Wheat growers from Oklahoma and all over the country are in the nation’s capital this week advocating on behalf of their industry, in general, and specifically pushing for action on a 2023 Farm Bill.
The 5-year 2018 Farm Bill expires, largely, at the end of the fiscal year (September 30), putting pressure squarely on the House and Senate agriculture committees — one under Republican leadership, the other under Democratic control — to work together toward passage of replacement legislation.
“Passage of the 2023 Farm Bill is essential for grain producers in Oklahoma, wheat producers especially,” Dennis Schoenhals, President of the Oklahoma Wheat Growers Association, said.
Schoenhals and a small group of growers and advocates are checking in with the members of the Oklahoma congressional delegation this week, impressing upon each the importance of, at a minimum, maintaining the current safety net for farmers.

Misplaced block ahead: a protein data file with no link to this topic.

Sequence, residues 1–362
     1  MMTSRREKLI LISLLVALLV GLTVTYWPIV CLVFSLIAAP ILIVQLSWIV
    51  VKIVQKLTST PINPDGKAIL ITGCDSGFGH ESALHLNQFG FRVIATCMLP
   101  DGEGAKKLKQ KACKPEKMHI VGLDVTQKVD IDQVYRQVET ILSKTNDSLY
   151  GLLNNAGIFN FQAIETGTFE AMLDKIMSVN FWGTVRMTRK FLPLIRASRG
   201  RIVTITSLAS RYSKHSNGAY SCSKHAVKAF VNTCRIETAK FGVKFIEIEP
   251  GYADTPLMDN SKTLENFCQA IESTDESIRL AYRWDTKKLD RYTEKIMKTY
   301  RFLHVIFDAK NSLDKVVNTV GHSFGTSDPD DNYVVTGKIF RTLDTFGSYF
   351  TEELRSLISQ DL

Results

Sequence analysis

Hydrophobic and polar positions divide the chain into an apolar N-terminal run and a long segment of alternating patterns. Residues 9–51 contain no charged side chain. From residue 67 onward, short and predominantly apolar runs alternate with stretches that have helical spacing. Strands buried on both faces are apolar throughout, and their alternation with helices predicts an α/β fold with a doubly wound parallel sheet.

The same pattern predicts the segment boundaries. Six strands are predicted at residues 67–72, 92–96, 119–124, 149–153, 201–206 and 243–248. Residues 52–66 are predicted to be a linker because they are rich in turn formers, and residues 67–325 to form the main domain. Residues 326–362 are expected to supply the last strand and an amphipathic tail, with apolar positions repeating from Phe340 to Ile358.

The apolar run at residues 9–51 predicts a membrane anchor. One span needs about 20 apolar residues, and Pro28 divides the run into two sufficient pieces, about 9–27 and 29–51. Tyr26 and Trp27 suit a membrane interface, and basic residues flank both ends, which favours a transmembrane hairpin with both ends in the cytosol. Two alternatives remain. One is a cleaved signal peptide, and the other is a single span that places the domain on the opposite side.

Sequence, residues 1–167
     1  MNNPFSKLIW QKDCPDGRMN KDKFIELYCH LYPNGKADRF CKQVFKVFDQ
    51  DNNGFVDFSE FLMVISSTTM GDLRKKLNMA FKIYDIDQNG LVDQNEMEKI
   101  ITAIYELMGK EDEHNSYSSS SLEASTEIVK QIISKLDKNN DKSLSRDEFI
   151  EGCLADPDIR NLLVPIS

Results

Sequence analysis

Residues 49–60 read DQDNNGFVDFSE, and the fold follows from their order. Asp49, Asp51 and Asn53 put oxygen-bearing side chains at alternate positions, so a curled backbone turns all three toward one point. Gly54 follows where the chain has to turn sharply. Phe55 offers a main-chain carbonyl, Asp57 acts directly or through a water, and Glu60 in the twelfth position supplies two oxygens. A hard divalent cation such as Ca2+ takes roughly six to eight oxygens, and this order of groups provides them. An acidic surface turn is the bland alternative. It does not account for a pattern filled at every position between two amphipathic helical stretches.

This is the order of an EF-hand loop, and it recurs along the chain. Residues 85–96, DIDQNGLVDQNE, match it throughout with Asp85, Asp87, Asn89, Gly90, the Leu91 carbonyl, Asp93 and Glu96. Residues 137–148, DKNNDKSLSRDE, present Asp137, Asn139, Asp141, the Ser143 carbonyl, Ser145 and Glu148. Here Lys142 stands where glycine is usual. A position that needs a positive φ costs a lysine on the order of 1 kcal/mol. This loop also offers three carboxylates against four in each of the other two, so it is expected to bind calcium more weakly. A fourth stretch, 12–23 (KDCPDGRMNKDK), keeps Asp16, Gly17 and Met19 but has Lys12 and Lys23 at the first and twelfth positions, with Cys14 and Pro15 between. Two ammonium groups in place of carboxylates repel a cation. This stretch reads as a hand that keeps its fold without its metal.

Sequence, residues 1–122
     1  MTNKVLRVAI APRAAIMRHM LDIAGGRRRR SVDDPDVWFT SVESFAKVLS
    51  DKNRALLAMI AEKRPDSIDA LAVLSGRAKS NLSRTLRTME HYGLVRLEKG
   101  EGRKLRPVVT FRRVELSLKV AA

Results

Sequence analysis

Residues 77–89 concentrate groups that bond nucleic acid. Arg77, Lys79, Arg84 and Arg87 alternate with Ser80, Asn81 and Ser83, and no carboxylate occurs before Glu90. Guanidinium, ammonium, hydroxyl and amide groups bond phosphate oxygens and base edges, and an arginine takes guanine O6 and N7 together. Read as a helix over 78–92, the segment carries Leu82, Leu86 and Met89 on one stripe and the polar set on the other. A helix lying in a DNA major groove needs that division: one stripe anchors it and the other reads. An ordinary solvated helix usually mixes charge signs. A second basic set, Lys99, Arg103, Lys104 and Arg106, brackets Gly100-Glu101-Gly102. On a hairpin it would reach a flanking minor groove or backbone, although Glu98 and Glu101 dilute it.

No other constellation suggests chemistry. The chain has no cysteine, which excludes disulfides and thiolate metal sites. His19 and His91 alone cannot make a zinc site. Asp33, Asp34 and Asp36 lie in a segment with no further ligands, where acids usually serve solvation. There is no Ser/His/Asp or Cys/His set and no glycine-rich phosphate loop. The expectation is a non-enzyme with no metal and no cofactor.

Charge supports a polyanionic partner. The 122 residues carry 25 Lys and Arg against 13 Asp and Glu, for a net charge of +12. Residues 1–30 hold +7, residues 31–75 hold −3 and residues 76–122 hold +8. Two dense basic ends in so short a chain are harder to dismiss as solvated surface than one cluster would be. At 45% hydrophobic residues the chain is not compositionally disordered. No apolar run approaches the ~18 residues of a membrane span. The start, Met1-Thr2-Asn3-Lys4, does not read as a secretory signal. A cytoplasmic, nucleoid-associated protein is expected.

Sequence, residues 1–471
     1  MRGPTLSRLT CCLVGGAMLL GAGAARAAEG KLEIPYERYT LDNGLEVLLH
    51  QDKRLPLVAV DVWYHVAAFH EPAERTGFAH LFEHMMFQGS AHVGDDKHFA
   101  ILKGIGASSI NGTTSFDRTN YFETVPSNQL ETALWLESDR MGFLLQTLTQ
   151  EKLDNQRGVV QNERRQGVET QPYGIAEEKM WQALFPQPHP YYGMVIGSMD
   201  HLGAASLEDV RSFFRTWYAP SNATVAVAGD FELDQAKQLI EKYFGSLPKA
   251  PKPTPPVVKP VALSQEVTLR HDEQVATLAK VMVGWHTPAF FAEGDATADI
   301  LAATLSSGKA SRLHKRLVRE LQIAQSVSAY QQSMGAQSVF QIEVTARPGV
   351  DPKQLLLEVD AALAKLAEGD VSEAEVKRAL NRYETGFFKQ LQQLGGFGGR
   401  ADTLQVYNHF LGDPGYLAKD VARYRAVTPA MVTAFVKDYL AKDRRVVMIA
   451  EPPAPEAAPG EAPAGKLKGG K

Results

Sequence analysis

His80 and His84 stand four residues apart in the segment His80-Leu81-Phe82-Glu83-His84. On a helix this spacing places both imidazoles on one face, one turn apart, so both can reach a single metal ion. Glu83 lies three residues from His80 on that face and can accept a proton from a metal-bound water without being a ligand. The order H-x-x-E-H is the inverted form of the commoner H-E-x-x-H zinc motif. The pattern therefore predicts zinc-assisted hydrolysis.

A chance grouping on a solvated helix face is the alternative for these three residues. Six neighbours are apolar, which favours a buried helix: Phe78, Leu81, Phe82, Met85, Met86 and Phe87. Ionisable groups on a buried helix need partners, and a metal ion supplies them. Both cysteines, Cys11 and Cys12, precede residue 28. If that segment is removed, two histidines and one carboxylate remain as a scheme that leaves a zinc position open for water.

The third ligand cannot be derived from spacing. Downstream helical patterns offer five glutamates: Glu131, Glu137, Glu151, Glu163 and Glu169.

"Stability is really a key thing out in rural America," Keeff Felty, Treasurer of the National Association of Wheat Growers and a past president of the Oklahoma wheat growers group, said. "Where we can have some confidence in knowing where we’re going and what the policies are going to be."
Their meeting with Congressman Frank Lucas Thursday morning was especially meaningful, given Lucas’ history of involvement with past Farm Bills and his recent reappointment to the House AG Committee so that he can play a leading role in writing the next one.
“He’s got such knowledge — institutional knowledge plus actual knowledge, as he is a rancher in western Oklahoma, and he fully understands,” Keef Felty, Treasurer of the National Association of Wheat Growers and a past president of the Oklahoma association, said.
The wheat growers said the most critical aspect of the Farm Bill is crop insurance, and they're hoping to perhaps see slight improvements in the terms.
"Mainly, we would like to see crop insurance coverages increase and our premiums be able to come down," Schoenhals said, "because they went up 50 percent just last year and it was a hard pill to take when you consider diesel fuel went up 75 to 80 percent, fertilizer doubled or tripled, and chemical costs were huge."